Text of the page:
>> Just to clarify, we're not talking about parent child domains, we're
    > talking
    >> about forest root and tree root domains. The way you handle these is
    >> different. For your forest root / tree root domain setup ...
    >>
    >> 1. It's normally good to point the DC/DNS server to itself and to another
    >> DC/DNS server in the same domain as alternate. This way, if the DNS
    > service
    >> fails for any reason locally, you've got the alternate you can make
    > requests
    >> to.
    >>
    >> 2. The name servers box is usually populated automatically (at least I
    >> thought so) with the DNS servers you have the AD integrated zones on. So
    >> for example, the root.priv AD integrated zone, you should see the two
    > DC/DNS
    >> servers that exist in that domain listed there.
    >>
    >> You want to forward to your BIND servers for external resolution in both
    >> domains. To resolve names from one domain to another, consider secondary
    > or
    >> stub zones (this are kewl in 2K3).
    >>
    >> 3. Clients should point to the DC/DNS servers in their own domain with
    >> the
    >> preferred server in the same site.
    >>
    >> HTH
    >> --
    >> Mark Renoden [MSFT]
    >> Windows Platform Support Team
    >> Email: markreno@online.microsoft.com
    >>
    >> Please note you'll need to strip ".online" from my email address to email
    >> me; I'll post a response back to the group.
    >>
    >> This posting is provided "AS IS" with no warranties, and confers no
    > rights.
    >>
    >> "Slater" <slaterlovesspam@yahoo.com> wrote in message
    >> news:PT4Zc.268401$fv.189161@fe2.columbus.rr.com...
    >> > I've been an NT4 admin for years and am responsible for migrating us to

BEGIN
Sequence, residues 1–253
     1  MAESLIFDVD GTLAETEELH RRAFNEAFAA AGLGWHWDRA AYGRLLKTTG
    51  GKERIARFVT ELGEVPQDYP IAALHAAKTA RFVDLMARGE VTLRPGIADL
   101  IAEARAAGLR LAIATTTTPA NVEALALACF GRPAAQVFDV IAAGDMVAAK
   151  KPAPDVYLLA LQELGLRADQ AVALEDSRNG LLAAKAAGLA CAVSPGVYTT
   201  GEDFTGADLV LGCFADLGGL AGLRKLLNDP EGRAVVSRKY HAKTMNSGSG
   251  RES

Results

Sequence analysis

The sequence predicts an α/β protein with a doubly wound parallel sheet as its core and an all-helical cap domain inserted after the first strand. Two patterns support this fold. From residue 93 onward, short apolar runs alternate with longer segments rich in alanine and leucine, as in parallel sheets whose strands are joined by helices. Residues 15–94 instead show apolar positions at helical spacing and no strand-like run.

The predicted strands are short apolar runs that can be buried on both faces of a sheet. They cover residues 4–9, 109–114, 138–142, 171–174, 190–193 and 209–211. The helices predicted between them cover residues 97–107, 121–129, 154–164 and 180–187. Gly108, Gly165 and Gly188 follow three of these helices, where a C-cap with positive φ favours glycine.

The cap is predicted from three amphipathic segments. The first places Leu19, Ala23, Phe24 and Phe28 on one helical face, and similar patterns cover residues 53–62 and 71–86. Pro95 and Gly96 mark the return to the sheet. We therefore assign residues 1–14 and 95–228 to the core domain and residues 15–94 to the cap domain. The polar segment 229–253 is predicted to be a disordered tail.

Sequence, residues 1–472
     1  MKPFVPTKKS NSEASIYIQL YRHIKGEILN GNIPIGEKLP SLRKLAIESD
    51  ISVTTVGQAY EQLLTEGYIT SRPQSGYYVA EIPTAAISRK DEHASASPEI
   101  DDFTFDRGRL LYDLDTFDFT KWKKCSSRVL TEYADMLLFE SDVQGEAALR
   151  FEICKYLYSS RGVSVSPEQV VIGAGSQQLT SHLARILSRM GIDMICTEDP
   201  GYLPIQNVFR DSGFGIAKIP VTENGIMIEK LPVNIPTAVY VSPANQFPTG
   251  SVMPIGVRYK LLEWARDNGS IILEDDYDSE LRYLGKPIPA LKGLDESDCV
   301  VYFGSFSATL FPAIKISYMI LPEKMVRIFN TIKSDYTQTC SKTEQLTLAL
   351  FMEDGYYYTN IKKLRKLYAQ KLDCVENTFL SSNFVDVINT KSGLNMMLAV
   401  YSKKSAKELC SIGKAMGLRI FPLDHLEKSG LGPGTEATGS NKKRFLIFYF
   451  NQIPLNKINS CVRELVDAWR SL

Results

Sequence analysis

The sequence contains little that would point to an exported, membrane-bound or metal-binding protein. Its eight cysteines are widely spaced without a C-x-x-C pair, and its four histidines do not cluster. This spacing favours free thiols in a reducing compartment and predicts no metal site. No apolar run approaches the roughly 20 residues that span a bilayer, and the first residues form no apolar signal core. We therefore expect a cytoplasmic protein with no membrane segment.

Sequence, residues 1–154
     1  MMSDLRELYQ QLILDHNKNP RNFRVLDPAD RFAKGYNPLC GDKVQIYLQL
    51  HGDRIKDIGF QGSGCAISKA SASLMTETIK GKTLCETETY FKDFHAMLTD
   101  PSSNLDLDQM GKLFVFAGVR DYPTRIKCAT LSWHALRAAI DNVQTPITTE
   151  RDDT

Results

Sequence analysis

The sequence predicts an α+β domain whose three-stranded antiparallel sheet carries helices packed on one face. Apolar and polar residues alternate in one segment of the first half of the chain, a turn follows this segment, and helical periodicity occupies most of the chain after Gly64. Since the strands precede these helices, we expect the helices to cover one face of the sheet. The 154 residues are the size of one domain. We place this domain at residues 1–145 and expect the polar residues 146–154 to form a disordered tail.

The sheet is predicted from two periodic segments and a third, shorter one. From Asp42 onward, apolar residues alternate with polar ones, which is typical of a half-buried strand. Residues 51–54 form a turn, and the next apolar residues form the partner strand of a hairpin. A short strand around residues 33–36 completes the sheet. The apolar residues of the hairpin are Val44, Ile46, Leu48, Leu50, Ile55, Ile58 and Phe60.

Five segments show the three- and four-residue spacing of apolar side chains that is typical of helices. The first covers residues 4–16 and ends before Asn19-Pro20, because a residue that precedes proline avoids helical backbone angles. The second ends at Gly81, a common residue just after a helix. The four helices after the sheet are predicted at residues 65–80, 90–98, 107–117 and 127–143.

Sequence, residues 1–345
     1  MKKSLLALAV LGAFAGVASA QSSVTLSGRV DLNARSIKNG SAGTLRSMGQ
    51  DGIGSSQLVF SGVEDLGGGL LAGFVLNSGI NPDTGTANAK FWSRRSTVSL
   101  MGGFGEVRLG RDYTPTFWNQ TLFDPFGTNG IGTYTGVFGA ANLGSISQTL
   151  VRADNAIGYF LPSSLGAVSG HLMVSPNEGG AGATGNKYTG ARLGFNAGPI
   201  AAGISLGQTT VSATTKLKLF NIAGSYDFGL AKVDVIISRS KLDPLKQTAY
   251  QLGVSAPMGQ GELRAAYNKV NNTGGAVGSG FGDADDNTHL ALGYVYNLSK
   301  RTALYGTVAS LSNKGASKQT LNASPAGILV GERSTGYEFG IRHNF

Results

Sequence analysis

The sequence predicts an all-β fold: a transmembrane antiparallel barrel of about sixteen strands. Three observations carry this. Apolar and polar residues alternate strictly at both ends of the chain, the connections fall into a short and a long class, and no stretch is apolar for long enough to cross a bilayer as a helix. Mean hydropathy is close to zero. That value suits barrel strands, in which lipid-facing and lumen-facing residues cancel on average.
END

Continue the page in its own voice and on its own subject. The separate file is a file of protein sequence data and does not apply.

>> > 2003. I'm new to AD and am certainly no expert on AD or DNS, but I have
    >> > read
    >> > MS books, Mark Minasi's 2003 book, and the O'Riely 2003 DNS book. All
    >> > of
    >> > the
    >> > books and scenerios all seem to just discuss simple AD setups. I had a
    >> > test
    >> > AD working for months using 2000 and it worked great but that was a
    > single
    >> > domain. I started over with 2003 this time and now that I am trying to
    > add
    >> > a
    >> > child domain (i.e. domain tree) I am having some problems and no one
    > seems
    >> > to cover this scenerio to the point where I understand it. I understand
    >> > the
    >> > CONCEPTS just fine - it's when you get to the nuts and bolts of what
    >> > settings go where that everyone seems to leave that out of all of the
    >> > training material.
    >> >
    >> > Here's the setup - Each domain will have 2 DCs. The DCs will run
    > Microsoft
    >> > DNS and be AD-integrated. One domain (root.priv) will be an empty root
    >> > domain for the sole purpose of isolating the Enterprise admin account
    > and
    >> > making it easier down the road to reshape the forst if we ever need to.
    >> > The
    >> > second domain (corp.priv) will be the actual production domain that all
    >> > 100
    >> > of my users will belong to and use. It's just a separate tree in the
    >> > forest.
    >> > I also have 2 caching BIND DNS servers on the outside interface for
    >> > internet
    >> > queries, which I will slave my internal DNS servers to for external
    > query
    >> > forwarding. Each DC will be a GC server, and one DC in each domain will
    > be
    >> > located offsite for disaster recovery purposes (P2P VPN connection
    > between
    >> > the sites). That's pretty much it, other than I need to run WINS in the
    >> > corp.priv domain. The corp.priv domain will be divided into 2 network
    >> > subnets (the second subnet is a QA network that is currently an NT4
    > domain
    >> > but I will just make it an OU in the corp.priv domain once I migrate).
    > So
    >> > my